Fun with Fixtures  

By Ryan Tomayko under Ruby, Rails on 25. September 2005

My favorite part of Agile Web Development with Rails is the section on testing. I’ve found the framework around testing included with Rails to be a wonderful blend of simplicity and power and this chapter in the book is the perfect compliment. It’s based largely on the core Ruby Test::Unit module but adds some important features on top.

One of those features is Fixtures. Fixtures provide a simple, YAML-based file format for storing database state that should be loaded before test runs. The database is wiped and the fixtures are loaded before each individual test executes, providing consistent state for tests. See the section on fixtures in A Guide to Testing the Rails for more information. Here’s an example fixture from said section:

# low & behold!  I am a YAML comment!
 id: 1 
 name: David Heinemeier Hansson 
 birthday: 1979-10-15 
 profession: Systems development

 id: 2
 name: Steve Ross Kellock
 birthday: 1974-09-27
 profession: guy with keyboard

The cool thing is that the top level fixture names (in this case, “david” and “steve”) become instance variables in your test case, allowing you to access fixture data in a very intuitively way from tests. The result of this is test code that reads like a story and is often almost humorous.

The book includes a sidebar with a little David head lamenting the importance of “Picking Good Fixture Names”:

Just like the names of variables in general, you want to keep the names of fixtures as self-explanatory as possible. This increases the readability of the tests when you’re asserting that @valid_order_for_fred is indeed Fred’s valid order. It also makes it a lot easier to remember which fixture you’re supposed to test against without having to look up p1 or order4. The more fixtures you get, the more important it is to pick good fixture names. So, starting early keeps you happy later.

But what to do with fixtures that can’t easily get a self-explanatory name like @valid_order_for_fred? Pick natural names that you have an easier time associating to a role. For example, instead of using order1, use christmas_order. Instead of customer1, use fred. Once you get into the habit of natural names, you’ll soon be weaving a nice little story about how fred is paying for his christmas_order with his invalid_credit_card first, then paying his valid_credit_card, and finally choosing to ship it all off to aunt_mary.

Association-based stories are key to remembering large worlds of fixtures with ease.

Taking this advice, I started in on testing a part of an application I’m working on now. The result is worth posting in it’s entirety (hint: it gets interesting towards the middle):

require File.dirname(__FILE__) + ‘/../test_helper’

class EnrolleeTest < Test::Unit::TestCase
  fixtures :coverage_types, :plans, :coverages, :plan_levels, :ppo_options,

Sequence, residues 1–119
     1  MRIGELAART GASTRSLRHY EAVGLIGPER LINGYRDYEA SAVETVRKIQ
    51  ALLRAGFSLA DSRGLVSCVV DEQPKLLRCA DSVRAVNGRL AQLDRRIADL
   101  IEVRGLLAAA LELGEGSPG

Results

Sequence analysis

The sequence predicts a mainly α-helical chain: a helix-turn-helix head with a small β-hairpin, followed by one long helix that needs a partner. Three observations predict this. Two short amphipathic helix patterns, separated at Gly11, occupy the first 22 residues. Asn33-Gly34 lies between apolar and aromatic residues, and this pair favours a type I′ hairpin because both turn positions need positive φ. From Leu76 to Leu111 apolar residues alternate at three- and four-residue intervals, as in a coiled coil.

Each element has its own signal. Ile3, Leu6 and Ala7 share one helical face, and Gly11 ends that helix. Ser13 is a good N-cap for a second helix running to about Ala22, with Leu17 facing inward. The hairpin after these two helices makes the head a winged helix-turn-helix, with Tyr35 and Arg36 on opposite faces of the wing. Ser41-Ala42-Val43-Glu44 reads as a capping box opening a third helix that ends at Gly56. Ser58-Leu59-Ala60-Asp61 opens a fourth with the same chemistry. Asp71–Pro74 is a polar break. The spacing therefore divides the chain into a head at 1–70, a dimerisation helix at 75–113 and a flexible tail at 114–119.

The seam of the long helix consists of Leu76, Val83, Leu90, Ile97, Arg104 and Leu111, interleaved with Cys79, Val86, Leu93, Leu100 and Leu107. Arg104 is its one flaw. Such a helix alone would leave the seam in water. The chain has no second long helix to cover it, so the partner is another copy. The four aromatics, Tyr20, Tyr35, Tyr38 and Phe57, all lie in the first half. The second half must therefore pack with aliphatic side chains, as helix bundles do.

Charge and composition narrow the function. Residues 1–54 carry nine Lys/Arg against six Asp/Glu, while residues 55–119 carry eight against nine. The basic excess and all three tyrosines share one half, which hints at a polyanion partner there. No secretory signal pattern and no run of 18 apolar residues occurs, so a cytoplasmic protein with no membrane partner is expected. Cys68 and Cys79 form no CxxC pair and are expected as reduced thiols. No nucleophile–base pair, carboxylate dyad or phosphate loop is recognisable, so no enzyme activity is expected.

:elections, :enrollees, :enrollments, :tpas, :tpas_users, :users,

  def setup
    @joe = Enrollee.find(@joe_the_policy_holder.id)
    @rita = Enrollee.find(@rita_the_spouse.id)
    @billy = Enrollee.find(@billy_the_dependent.id)
    @alice = Enrollee.find(@alice_the_dependent.id)
    @the_family = [@joe, @rita, @billy, @alice]
    @enrollment = Enrollment.find(@test_enrollment.id)

  def test_common_attrs
    @the_family.each do |enrollee|
      assert_kind_of Enrollee, enrollee
      assert_equal @enrollment.id, enrollee.enrollment_id
      assert_equal @enrollment, enrollee.enrollment
      assert_equal @joe.id, enrollee.policy_holder_id
      assert_equal @joe, enrollee.policy_holder

  def test_get_gender
    assert_equal :male, @joe.gender, "Joe is a male"
    assert @joe.male?, "Joe is a male"
    assert_equal :female, @rita.gender, "Rita is a female"
    assert @rita.female?, "Rita is a female"
    assert !@billy.female?, "Billy is not a female"
    assert !@alice.male?, "Sally is not a male"

  def test_set_gender
    [:female, ‘F’, 2].each do |tok|
      @joe.gender = tok
      assert_equal :female, @joe.gender, "Joe is now a female"
      assert @joe.save, "Joe could not be saved after sex change"
      assert_equal :female, @joe.gender, "Joe is now a female"

    [:male, ‘M’, 1].each do |tok|
      @rita.gender = tok
      assert_equal :male, @rita.gender, "Rita is now a male"
      assert @rita.save, "Rita could not be saved after sex change"
      assert_equal :male, @rita.gender, "Rita is now a male"

    # make sure that we can set it to nil
    @joe.gender = nil
    assert_equal nil, @joe.gender
    assert @joe.save(false), "Joe couldn’t be saved after neutering…"
    assert_equal nil, @joe.gender

    @joe.gender = ‘’
    assert_equal nil, @joe.gender
    assert @joe.save(false), "Joe couldn’t be saved after neutering…"
    assert_equal nil, @joe.gender

  def test_marital_status
    assert_equal :married, @joe.marital_status
    assert @joe.married?, "Joe is married"
    assert !@joe.single?, "Joe is not single"
    assert @billy.single?, "Billy is single"
    assert !@billy.married?, "Billy is not married"
    assert_equal :single, @billy.marital_status

  def test_set_marital_status
    [:married, 2].each do |tok|
      @billy.marital_status = tok
      assert_equal :married, @billy.marital_status
      assert @billy.save, "Billy could not be saved after he got married"
      assert_equal :married, @billy.marital_status

    [:single, 1].each do |tok|
      @rita.marital_status = tok
      assert_equal :single, @rita.marital_status
      assert @rita.save, "Rita could not be saved after her divorce"
      assert_equal :single, @rita.marital_status


2 Responses to “Fun with Fixtures”

  1. Rimantas:

    Is this the interesting part:

    assert !@alice.male?, “Sally is not a male”


    comment at 25. September 2005

  2. Ryan Tomayko:

    Nice catch!

    comment at 25. September 2005

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